The city must investigate a recent rash of complaints alleging that Bensonhurst business owners lack permits for their storefronts’ signage, according to local civic leaders, who said the uptick in such allegations already cost mom-and-pop shopkeepers thousands of dollars in fines (“Policing placards: Bensonhurst civic leaders call for investigation into complaints against small businesses’ signs,” by Julianne McShane, online Dec. 28).
A probe of the reports filed with the city’s 311 hotline is necessary to ensure greedy agents are not cashing in at the small-business owners’ expense, according to the district manager of Community Board 11.
This year, the 311 hotline received some 127 complaints about signs and awnings belonging to businesses within the board’s district, which also includes Bath Beach, Gravesend, and Mapleton — a whopping 113 more than it received about storefronts in the same area last year, according to a letter CB11 members fired off on Dec. 19 to the Mayor’s Office of Operations, which oversees the hotline run by the Department of Information Technology and Telecommunications.
Readers weighed in:
I’ve noticed a lot of bodegas here in Bed-Stuy have been removing their awnings, this is probably why. Underneath those hideous awnings is often the original signage from the ’40s and ’50s — plus, you now get to see the beautiful architectural details that have been hidden for decades. Those awnings should all be banned as they are ugly and cheapen the neighborhood.Matt from Stuyvesant Heights
Don’t kid yourself, it’s about revenue! Fines of $6,000 according to the NY Times. All because something “might” fall down. The city sees no evil in spray painted tags all over, but no awnings — time to make the avenues look like a refuge camp.
Signs that withstood superstorm Sandy, and many a winter. GimmeGimmeGimme — we want any money you might have left after sales tax, and outrageous property tax.
And why did these awnings come about? To cover the riot shutters and roll-down gates that these small businesses had to install to save their livelihoods.Rufus Leaking from BH
Here are some revelations: 1) New York City Buildings Department does not asses the fines for violations, that is done by the Council. 2) Buildings Department does not impose “cloak of anonymity” as the complaints come from 311. They are most likely from the community boards themselves all over the city.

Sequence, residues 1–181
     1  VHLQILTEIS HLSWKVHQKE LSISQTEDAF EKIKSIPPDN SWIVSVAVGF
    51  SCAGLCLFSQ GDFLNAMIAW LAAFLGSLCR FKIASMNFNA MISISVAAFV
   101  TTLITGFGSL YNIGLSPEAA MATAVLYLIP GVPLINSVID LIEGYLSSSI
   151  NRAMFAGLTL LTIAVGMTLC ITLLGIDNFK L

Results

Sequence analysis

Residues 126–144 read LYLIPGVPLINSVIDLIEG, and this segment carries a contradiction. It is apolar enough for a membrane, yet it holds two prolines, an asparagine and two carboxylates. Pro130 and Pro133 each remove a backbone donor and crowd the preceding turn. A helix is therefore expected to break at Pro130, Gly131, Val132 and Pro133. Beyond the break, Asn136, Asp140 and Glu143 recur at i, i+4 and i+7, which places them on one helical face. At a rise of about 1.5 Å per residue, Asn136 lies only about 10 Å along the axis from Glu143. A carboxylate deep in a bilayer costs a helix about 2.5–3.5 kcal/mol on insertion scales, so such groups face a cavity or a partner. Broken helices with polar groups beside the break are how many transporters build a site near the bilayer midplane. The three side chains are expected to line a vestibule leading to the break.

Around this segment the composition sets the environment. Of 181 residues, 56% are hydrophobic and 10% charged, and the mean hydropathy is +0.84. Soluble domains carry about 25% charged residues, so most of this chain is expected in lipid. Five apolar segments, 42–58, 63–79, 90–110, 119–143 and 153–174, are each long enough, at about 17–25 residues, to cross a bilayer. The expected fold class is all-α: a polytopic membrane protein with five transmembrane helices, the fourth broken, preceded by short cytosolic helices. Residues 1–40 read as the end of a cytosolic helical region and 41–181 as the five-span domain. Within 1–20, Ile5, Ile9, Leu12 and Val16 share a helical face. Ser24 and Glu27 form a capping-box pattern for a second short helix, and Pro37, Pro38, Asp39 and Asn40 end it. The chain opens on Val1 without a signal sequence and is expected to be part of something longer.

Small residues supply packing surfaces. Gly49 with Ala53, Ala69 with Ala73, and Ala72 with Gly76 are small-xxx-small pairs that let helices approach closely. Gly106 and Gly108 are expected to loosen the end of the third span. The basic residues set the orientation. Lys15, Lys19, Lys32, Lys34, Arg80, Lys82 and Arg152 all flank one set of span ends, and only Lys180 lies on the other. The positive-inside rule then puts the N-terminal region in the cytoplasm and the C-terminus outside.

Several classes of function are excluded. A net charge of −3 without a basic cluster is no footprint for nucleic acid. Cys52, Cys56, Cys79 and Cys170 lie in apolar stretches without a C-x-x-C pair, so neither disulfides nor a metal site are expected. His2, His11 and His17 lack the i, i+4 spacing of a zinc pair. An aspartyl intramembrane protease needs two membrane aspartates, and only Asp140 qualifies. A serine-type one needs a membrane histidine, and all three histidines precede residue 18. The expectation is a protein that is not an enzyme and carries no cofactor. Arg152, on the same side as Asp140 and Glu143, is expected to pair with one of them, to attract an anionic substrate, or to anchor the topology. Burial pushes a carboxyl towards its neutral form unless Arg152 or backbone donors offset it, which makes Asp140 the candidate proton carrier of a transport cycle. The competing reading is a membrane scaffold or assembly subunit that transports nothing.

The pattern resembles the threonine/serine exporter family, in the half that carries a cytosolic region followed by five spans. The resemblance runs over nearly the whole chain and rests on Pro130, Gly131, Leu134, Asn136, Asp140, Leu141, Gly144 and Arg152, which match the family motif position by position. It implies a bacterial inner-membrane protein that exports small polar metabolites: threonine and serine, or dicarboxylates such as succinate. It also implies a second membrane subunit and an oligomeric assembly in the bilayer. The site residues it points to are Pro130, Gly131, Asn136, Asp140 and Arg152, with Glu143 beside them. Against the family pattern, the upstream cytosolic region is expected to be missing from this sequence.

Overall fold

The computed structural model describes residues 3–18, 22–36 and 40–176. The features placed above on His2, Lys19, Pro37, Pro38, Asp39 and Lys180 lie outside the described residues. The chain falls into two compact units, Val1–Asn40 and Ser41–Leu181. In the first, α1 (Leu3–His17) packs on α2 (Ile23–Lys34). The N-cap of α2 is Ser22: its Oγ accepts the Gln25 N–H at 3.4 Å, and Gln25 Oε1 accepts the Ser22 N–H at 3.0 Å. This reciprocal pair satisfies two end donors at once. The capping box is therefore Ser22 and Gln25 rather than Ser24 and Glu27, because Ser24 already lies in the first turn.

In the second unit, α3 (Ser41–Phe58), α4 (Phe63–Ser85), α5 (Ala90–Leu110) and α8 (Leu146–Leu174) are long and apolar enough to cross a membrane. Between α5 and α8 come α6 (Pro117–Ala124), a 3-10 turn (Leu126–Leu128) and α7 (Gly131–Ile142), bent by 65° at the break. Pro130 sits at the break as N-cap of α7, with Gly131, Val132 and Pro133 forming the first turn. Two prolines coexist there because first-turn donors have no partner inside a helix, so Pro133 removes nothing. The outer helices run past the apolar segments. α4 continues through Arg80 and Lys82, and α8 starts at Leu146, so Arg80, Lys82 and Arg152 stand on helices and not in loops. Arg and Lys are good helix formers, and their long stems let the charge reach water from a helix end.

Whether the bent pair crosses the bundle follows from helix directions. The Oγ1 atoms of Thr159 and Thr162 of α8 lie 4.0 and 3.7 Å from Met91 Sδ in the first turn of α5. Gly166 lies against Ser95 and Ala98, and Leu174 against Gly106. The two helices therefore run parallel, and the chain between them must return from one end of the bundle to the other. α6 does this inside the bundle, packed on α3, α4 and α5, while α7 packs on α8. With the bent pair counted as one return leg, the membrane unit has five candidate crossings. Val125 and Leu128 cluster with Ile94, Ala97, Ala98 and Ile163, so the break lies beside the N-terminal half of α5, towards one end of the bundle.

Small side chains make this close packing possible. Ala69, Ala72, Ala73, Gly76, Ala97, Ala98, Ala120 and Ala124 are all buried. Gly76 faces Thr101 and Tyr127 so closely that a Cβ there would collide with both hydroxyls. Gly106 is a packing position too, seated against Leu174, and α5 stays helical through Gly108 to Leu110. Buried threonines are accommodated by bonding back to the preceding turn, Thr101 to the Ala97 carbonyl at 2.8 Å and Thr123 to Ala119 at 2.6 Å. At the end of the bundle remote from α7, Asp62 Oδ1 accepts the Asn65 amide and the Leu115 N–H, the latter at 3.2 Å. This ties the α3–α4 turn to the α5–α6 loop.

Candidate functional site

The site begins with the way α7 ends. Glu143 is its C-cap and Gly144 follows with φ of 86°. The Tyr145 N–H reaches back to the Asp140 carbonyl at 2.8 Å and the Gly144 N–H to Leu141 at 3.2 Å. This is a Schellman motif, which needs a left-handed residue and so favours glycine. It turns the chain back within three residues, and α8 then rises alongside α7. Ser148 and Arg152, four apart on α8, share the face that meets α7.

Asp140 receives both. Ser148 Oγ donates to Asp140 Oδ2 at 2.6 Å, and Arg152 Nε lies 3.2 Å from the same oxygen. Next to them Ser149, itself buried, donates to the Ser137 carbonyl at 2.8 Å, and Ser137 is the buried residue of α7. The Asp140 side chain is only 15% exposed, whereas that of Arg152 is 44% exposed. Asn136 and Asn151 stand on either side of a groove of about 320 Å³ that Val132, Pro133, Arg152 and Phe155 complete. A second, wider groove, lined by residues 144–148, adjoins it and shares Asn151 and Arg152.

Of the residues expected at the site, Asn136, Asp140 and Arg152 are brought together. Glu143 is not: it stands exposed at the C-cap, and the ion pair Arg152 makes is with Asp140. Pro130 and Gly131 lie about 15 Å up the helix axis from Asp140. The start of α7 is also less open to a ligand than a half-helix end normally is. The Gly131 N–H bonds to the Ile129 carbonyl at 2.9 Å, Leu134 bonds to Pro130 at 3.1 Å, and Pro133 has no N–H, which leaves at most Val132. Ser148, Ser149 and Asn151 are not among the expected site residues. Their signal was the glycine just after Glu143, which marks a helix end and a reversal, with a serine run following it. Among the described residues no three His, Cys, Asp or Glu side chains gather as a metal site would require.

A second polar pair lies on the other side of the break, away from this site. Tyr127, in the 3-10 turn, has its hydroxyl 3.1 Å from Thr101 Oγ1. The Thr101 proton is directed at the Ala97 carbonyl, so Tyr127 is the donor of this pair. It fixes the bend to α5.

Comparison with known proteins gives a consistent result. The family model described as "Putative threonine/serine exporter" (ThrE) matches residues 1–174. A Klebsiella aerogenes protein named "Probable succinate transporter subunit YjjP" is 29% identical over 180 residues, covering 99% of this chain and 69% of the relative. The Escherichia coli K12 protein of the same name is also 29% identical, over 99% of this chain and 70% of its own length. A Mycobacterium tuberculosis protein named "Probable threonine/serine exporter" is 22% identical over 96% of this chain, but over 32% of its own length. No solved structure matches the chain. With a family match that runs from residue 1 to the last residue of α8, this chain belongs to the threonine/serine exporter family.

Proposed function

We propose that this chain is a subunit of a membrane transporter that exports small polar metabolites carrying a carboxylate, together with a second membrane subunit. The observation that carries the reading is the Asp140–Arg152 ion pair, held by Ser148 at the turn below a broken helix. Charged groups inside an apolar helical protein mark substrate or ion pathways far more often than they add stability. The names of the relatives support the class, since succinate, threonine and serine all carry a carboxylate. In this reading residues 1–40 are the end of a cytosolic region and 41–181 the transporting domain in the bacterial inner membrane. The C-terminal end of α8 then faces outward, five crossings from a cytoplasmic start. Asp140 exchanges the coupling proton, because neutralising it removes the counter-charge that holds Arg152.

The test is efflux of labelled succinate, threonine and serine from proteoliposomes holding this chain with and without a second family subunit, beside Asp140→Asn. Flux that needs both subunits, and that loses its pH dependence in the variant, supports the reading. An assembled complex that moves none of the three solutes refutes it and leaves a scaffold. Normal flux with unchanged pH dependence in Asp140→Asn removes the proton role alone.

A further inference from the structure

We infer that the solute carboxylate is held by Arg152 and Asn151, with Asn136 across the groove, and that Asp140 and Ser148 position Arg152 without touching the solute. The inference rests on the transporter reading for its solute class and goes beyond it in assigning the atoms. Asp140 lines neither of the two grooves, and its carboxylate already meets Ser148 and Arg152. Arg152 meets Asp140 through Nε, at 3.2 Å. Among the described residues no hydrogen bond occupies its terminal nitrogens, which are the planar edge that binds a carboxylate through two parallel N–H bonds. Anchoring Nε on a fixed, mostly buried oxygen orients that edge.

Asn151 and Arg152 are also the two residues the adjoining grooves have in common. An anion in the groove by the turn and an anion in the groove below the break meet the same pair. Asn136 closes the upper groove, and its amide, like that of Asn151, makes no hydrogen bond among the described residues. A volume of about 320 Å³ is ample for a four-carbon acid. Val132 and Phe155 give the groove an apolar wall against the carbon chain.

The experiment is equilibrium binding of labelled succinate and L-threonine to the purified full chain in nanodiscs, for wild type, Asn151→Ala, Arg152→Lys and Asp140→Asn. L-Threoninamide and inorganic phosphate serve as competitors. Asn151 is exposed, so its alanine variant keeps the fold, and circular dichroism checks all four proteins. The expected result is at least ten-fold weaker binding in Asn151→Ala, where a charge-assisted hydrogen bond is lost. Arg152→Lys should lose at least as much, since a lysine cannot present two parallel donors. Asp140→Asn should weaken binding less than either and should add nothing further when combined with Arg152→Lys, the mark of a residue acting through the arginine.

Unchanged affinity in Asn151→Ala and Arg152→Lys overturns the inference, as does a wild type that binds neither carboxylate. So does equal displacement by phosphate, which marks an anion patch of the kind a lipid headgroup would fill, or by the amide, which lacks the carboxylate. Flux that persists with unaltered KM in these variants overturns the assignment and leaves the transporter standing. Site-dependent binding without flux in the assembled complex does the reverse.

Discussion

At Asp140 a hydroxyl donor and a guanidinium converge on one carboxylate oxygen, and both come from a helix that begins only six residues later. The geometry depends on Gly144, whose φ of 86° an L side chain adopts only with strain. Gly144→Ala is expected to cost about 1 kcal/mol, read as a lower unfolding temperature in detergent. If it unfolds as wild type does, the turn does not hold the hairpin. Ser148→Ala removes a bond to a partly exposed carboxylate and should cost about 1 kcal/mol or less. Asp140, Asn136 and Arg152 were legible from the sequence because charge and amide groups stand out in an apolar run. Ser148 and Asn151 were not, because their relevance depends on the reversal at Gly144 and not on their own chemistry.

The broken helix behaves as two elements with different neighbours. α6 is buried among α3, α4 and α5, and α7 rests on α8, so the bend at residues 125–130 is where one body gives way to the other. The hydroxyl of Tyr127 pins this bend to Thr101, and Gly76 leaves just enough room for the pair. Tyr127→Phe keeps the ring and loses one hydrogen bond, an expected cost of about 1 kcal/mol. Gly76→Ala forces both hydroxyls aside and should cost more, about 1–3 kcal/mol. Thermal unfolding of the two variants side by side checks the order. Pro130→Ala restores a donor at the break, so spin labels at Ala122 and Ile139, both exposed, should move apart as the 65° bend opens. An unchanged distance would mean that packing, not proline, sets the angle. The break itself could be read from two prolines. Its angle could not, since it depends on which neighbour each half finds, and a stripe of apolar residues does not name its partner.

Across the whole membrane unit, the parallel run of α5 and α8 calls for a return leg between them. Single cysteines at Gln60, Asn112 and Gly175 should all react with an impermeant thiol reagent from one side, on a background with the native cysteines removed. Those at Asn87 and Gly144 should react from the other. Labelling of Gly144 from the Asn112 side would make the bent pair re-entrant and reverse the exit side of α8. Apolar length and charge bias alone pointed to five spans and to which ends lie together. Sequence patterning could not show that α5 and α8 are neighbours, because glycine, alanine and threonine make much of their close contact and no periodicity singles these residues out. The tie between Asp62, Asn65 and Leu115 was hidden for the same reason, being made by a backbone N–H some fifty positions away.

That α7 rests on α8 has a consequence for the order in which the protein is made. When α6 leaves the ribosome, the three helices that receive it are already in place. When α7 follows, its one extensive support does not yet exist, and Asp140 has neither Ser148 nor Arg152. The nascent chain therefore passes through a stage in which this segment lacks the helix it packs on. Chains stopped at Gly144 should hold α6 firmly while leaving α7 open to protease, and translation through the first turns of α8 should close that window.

Take a look at Bensonhurst, now predominately Chinese. City data shows that in the last few years 311 complaints for this area have exploded. Where do you suppose the complaints are coming from? Check the bigoted community boards throughout this city.Joe Bloe from Bensonhurst
“I have been breaking the law for the past 15 years and now you come around...” Yeah, what nerve of the city to give you a fine. I did not realize that the longer you break the law the more entitled you become.Frank from Flushing
Brooklyn Heights residents will breathe in toxic chemicals for years if the city moves forward with a plan to turn the neighborhood’s Promenade into a six-lane speedway for gas-guzzling cars and trucks during the looming reconstruction of the Brooklyn–Queens Expressway, experts warn (“Highway to health problems: Locals will breathe in toxic air for years if city sends traffic along Promenade to fix BQE, experts warn,” by Julianne Cuba, online Dec. 26).
The historic Promenade, which sits at the top of the 70-year-old highway’s crumbling three-tiered structure, currently acts as a barrier that blocks the toxic pollutant known as “fine particulate matter,” or pm 2.5, emitted by the 153,000 cars and trucks on the expressway daily, according to journalist and public-health expert Laurie Garrett.
Commenters shared their thoughts:
Not only is it irresponsible in the short-term (next 10-plus years) to rebuild this roadway in this manner, it’s irresponsible in the long-term (next 100-plus years) to replace it in this spot period. Pollution, noise, quality of life, waste of premier waterfront real estate.